Step 5: Prep Canning Supplies
(While your sauce is cooking use this time to wash all of your Jars, Rings, & Lids in hot soapy water, set out to dry)
(Get items ready you will need for the canning process- The items on the towel are from the Ball utensil kit)
(Lastly get your canner out – if you have a flat top stove check your owners manual before attempting to can on it so you don’t cause any damage to the stove top)
Step 6: When your sauce is ready – Prep your Jars & Lids… AGAIN
(A little different this time though. You want your jars to be warm when you put the sauce in so that the jars don’t crack and break. I fill the sink with hot water and keep my jars in the water bath till I am ready to use each one.)
(Put lids in a small pot on the stove keeping them warm – do not boil)
Step 7: Fill Jars with Hot Sauce
(This is a multi step process. Use the funnel to help fill the jar and then use the bubble remover/head space tool to remove any air pockets. Use the head space end to make sure you are not too full. Your recipe will tell you how full to go.)
Step 8: Add Lid & Ring
(Wipe the lip of the jar clean with a rag or towel making sure here is no food on the edge. Use the magnetic wand to remove the lid from the hot water and place on the jar and then add the ring and hand tighten down)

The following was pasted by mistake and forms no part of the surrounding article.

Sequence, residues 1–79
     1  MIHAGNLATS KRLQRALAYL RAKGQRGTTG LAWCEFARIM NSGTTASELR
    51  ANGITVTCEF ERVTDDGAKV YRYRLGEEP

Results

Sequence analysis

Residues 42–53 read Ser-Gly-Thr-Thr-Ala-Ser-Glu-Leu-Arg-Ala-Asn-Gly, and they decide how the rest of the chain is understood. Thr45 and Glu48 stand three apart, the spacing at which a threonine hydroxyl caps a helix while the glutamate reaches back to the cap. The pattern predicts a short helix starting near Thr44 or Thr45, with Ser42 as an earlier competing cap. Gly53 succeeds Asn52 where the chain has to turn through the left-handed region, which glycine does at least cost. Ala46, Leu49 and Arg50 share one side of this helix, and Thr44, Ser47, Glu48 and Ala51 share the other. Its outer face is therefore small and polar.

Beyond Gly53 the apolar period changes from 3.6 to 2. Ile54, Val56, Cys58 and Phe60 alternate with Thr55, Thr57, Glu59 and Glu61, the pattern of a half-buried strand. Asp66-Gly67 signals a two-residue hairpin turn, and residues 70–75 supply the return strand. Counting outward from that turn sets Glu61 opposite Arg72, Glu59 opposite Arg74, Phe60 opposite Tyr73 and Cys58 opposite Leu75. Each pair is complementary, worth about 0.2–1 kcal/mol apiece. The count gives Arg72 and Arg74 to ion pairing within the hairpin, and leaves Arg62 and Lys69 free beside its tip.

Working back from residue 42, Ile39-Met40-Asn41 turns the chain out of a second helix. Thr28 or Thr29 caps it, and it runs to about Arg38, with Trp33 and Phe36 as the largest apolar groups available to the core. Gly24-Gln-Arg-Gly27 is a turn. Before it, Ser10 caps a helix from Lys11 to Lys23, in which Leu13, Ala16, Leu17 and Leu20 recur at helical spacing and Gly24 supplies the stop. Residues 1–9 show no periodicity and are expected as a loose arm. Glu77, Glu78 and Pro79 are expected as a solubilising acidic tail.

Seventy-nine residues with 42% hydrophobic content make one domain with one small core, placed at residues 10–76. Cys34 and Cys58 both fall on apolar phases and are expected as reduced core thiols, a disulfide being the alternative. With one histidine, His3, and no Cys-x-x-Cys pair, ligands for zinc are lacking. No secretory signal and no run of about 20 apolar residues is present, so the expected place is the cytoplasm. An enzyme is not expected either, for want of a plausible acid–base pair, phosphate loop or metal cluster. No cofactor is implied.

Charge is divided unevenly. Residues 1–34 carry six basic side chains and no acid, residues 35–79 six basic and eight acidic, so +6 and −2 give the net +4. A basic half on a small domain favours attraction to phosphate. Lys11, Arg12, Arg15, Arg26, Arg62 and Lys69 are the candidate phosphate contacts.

Step 9: Transfer to Canning Pot & Process
(Make sure to have at least 1″ of water above the jars. Your recipe will tell you how long to process in the hot water bath)
Step 10: Remove from Water Bath
(Once your jars have processed turn heat off, remove the lid from the canner, wait at least 5 min before removing the jars. Use the jar lifter to take them out and place them on a towel or a wooden cutting board, with at least 1″ space between each jar. Place a towel over them, keeping the draft off. Leave them like this for 24 hours. While the jars are sealing you will here this cool “Pop” sound … totally music to my ears!)
Step 11: Label & Enjoy!
(WAIT! Before you label your jars make sure and check to see if they are sealed. Using your finger press down in the center of the lid if it makes a “POP” sound it didn’t seal and needs to be eaten with in the next week. If you hear no “POP” Congratulations you just processed your first batch of veggies! Remove the towel and label each lid with the year they were canned. It’s also a good idea with certain things to write what is in the jars, you would be surprised how similar some things look a year later … )
Don’t forget to give yourself a big pat on the back. This is a lot of work, but nothing better than popping the seal and enjoying the fruits of your labor or even sharing them with friends and family! Have you ever thought about canning but been too afraid to try it yourself? Like I said earlier I was petrified but after the tomatoes started rolling in I had two choices – preserve them or find homes for them … lots and lots of homes!
Don’t forget to save your jars and rings for future canning (you will need new lids). As long as there is no rust or chips in the jars they are easily reused!!
(I was not paid or compensated in any manner by Ball, I just really like their products and think they are great for beginners! These are the steps I use to process this particular recipe, make sure to read the directions for your recipe carefully and follow their directions.)